Protect the Adirondacks supports a number of the policy recommendations in this section, including adoption of California’s “Advanced Clean Cars 2 Regulations;” Converting New York’s trucks, buses, and non-road equipment (including construction and farm equipment) to zero-emissions technologies; Prioritizing medium and heavy-duty vehicles that impact disadvantaged communities; Expanding options, access, improving reliability, making public transportation more affordable, and focusing on the needs of unserved and underserved communities outside of current public transportation systems; and, Changing New York’s Smart Growth Public Infrastructure Policy Act (ECL, Article 6) to prevent sprawl and build communities focused around climate change mitigation.

Protect the Adirondacks also supports programs highlighted in the Draft Scoping Plan for “variable pricing and parking policies,” and “higher registration fees” for carbon intensive vehicles, mileage-based user fees, and other special assessments to finance transportation sector improvements. We agree that there clearly needs to be disincentives for low mileage vehicles as part of New York’s climate change program.

While, Protect the Adirondacks supports incentives to increase the number ZEVs purchased in New York, these incentives should be higher. Beyond a higher direct rebate, we suggest that there be a sales tax waiver for all ZEVs purchased by New York State residents. New York State will not meet it climate change goals unless we can make ZEVs affordable for working families across the state. Right now, most ZEVs are not affordable for working families in New York.

Buildings: The Draft Scoping Plan states that buildings in New York State, both residential and commercial, produce 32% of greenhouse gas emissions. Buildings, which basically means the way that New Yorkers live and work, are the biggest source of greenhouse gas emissions in the state. To meet this challenge, the Draft Scoping Plan provides an ambitious goal to electrify 85% of homes and commercial building space in New York State by 2050. While Protect the Adirondacks supports that overall goal, we do not believe that the Draft Scoping Plan goes far enough and we urge that the NYSCAC look at other policy options that will help to meet this goal.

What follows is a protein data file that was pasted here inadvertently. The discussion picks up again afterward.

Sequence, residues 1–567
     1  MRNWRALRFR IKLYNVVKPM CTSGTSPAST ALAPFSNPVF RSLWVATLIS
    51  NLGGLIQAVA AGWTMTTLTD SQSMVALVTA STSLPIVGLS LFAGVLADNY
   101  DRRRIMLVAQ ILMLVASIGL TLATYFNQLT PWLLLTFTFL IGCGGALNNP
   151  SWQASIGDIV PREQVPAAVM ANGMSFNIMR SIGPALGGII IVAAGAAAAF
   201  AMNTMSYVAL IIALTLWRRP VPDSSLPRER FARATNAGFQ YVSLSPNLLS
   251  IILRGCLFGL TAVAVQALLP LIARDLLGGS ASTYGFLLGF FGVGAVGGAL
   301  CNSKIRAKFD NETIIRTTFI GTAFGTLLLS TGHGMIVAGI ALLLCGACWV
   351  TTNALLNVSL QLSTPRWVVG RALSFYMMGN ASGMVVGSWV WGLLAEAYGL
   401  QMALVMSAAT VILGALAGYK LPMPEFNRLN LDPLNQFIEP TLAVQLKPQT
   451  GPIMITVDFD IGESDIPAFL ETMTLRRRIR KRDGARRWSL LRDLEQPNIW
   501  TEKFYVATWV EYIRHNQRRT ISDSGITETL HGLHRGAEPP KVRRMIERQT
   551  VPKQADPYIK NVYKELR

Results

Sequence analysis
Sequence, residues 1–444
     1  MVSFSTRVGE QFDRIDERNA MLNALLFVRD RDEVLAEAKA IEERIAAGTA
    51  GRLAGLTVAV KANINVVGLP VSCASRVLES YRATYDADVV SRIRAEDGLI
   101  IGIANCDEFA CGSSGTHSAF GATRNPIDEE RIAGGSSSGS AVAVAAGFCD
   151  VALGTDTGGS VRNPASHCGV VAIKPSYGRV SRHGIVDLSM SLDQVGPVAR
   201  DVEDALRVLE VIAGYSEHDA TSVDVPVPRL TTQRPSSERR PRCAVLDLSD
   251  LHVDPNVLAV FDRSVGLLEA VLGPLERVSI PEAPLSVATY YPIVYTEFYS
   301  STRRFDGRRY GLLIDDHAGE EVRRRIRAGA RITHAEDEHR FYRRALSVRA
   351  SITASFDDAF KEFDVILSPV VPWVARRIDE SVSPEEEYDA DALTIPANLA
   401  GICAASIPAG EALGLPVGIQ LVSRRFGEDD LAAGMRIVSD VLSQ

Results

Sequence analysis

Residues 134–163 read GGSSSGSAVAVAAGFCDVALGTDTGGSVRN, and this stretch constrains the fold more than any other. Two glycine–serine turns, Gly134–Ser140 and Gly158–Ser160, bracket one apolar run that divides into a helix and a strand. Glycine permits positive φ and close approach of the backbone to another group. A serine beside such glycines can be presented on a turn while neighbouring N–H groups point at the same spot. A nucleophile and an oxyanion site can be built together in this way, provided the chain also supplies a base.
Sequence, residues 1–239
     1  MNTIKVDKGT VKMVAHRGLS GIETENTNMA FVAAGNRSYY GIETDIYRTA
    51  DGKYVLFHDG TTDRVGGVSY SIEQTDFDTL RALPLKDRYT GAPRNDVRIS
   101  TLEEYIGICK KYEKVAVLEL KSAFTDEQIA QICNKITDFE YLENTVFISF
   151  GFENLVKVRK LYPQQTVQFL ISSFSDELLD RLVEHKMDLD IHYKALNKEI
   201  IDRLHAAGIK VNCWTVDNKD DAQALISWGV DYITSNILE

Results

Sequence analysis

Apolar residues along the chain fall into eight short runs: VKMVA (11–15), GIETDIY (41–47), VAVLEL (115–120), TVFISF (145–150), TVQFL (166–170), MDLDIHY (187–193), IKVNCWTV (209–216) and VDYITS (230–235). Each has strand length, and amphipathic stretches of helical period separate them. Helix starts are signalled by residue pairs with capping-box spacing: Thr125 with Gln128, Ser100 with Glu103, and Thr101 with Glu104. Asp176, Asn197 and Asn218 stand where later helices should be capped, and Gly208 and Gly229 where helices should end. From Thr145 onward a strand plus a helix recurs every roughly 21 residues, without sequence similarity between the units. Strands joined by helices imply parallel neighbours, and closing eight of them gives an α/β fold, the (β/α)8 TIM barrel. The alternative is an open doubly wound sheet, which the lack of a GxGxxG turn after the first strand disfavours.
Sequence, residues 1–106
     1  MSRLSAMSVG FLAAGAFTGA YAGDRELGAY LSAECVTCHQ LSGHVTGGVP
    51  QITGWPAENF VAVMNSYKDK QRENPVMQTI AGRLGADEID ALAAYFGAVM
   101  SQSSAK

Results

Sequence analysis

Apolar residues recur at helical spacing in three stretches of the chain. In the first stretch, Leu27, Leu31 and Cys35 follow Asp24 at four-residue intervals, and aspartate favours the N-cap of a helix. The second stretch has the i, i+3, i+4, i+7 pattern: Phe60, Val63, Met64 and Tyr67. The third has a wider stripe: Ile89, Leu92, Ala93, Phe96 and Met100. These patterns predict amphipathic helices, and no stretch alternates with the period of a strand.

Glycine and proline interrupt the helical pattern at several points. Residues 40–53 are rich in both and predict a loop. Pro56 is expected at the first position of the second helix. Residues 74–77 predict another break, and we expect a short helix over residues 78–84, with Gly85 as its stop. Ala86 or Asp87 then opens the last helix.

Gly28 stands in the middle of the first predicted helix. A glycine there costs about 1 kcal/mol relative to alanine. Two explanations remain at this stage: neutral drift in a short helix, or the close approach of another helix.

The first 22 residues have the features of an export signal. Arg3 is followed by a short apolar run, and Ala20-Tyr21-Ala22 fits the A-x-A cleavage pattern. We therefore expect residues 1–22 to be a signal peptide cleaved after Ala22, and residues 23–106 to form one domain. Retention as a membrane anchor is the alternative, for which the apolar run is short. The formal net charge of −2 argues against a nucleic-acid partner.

As a general approach, Protect the Adirondacks supports a variety of programs and incentives to help “electrify” and make more energy efficient primary residences and long-term rental units. We support ideas highlighted in the Draft Scoping Plan for adopting regulations that prohibit the replacement of fossil fuel equipment at the end of its useful life; Adopting new and stronger local and state-wide codes that require highly efficient, zero-emission standards for new residential and commercial buildings; Requiring energy benchmarking and disclosure for multifamily and commercial buildings; Providing financial incentives and expanding access to public and private low-cost financing for building decarbonization; and, Expanding the use of high-efficiency heat pumps to retrofit, electrify, and decarbonize existing commercial and residential buildings.

Protect the Adirondacks supports an expansion of tax credits or rebates that incentivize New Yorkers to invest in energy efficiency for their primary residences. Many New Yorkers would rather put money into their homes than send it to the state. The Draft Scoping Plan needs stronger incentives for insulation, window replacement, energy efficient appliances, electrification of heating systems, among other household upgrades. Working families in New York State will only be able to undertake these activities if there is a meaningful immediate, short-term economic benefit. A formal draft plan needs to programs and policies that provide a short 5- to 10-year return on investment for New Yorkers to electrify and decarbonize their homes and businesses. The state should get into the loan business. Currently, the loans available are high interest (or low interest require a number of points) and burdensome to working families.

Protect the Adirondacks believes that there should be a series of disincentives for second homes (and third homes, and fourth homes, etc.) due to their wasteful energy use and land use. The report does not address the major issue that Upstate New York, and many parts of New York City, the lower Hudson Valley, and Long Island as well, are heavily populated with buildings and apartments that are not occupied on a year-round basis, and many are owned by non-resident landowners from out of state. The Draft Scoping Plan failed to address this issue either in “Building” section or the “Land Use” sections and this is a major weakness in the report. This issue must be tackled in the formal draft plan.

Electricity Generation: The Draft Scoping Plan states that electricity generation in New York State, both residential and commercial, is responsible for 13% of greenhouse gas emissions. According to the Draft Scoping Plan, fossil fuel generation, including natural gas, oil, and dual-fuel generation, produces more than 43% of statewide electricity. Wind produces just 3%, solar produces less than 1%, hydro-power produces around 20%, and nuclear around 33% (but nuclear will see reductions as Draft Scoping Plants are closed). In order to achieve electricity system decarbonization by 2040, the state proposes to continue expansion of land-based and offshore wind and solar.